Matthias wasn’t the kind of guy who was usually taken with asses, but when he saw the man lay facedown on the striped towel beside him, he couldn’t finish his sandwich. The ass was a confident ass, not an ostentatious ass. It didn’t come about from squats and lunges in some health club. It was an ass that knew itself, that moved through the world seen and appreciated, and as Matthias dreamt of resting his face upon its dark divide, the man rolled over onto Matthias’s towel as if they’d been sharing the same bed since college.
The dryness of the lips, the silly eyebrow tics, the looking downward and away… Where were the reactions Matthias usually felt around men, especially beautiful men? He’d always said that desire depended on one partner feeling more than the other. Desire insisted on discrepancy, he’d say. It fed on a lack, but maybe that perspective was just one more way he’d been protecting himself these last thirteen years.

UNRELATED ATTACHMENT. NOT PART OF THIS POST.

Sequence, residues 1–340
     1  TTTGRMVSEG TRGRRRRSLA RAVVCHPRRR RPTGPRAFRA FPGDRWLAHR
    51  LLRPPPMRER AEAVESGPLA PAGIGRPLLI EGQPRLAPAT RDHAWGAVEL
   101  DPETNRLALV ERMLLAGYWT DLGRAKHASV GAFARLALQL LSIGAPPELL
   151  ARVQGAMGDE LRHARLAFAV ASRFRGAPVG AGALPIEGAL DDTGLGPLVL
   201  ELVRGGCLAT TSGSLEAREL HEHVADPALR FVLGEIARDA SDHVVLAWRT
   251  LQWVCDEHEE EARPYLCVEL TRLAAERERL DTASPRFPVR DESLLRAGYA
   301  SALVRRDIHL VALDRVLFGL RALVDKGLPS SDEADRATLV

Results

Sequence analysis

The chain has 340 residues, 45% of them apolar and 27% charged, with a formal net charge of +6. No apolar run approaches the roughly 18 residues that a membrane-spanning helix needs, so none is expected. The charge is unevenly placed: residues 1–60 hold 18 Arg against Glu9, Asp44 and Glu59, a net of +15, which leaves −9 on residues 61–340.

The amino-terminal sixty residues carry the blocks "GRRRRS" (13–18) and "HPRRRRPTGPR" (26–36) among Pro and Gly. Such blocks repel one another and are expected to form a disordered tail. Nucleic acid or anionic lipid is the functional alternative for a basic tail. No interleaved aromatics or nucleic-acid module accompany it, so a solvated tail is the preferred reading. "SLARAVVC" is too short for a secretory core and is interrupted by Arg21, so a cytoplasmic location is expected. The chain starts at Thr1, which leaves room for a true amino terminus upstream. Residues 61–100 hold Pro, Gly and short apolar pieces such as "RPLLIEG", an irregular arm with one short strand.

They brushed sand from each other’s shoulders. They got off their towels. Matthias glanced down the empty beach, grabbed the man’s hand with a grin that pretended to be devilish, and pulled that hand into the woods.
“Hey, you,” said the man after they’d been at it for an hour.
“Hey, you,” Matthias said, still trembling.
They looked into each other’s eyes as it is said lovers do.
They came back into their bones, their muscles, their separateness. They laughed with—was it wonder? Nerves? It hardly mattered that there were sand burrs on their feet or mosquito bites on their heads. In a little bit, their skin would burn with the serum of poison plants, but that pain would only help them remember their hour.